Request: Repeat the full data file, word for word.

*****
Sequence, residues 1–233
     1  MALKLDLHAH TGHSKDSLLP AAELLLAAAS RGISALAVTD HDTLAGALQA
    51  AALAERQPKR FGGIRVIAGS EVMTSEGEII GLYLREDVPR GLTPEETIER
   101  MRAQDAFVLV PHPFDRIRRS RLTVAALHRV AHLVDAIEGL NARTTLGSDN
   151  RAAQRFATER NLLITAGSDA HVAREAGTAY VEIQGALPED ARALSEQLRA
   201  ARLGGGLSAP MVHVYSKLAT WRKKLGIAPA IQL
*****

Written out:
Sequence, residues 1–233
     1  MALKLDLHAH TGHSKDSLLP AAELLLAAAS RGISALAVTD HDTLAGALQA
    51  AALAERQPKR FGGIRVIAGS EVMTSEGEII GLYLREDVPR GLTPEETIER
   101  MRAQDAFVLV PHPFDRIRRS RLTVAALHRV AHLVDAIEGL NARTTLGSDN
   151  RAAQRFATER NLLITAGSDA HVAREAGTAY VEIQGALPED ARALSEQLRA
   201  ARLGGGLSAP MVHVYSKLAT WRKKLGIAPA IQL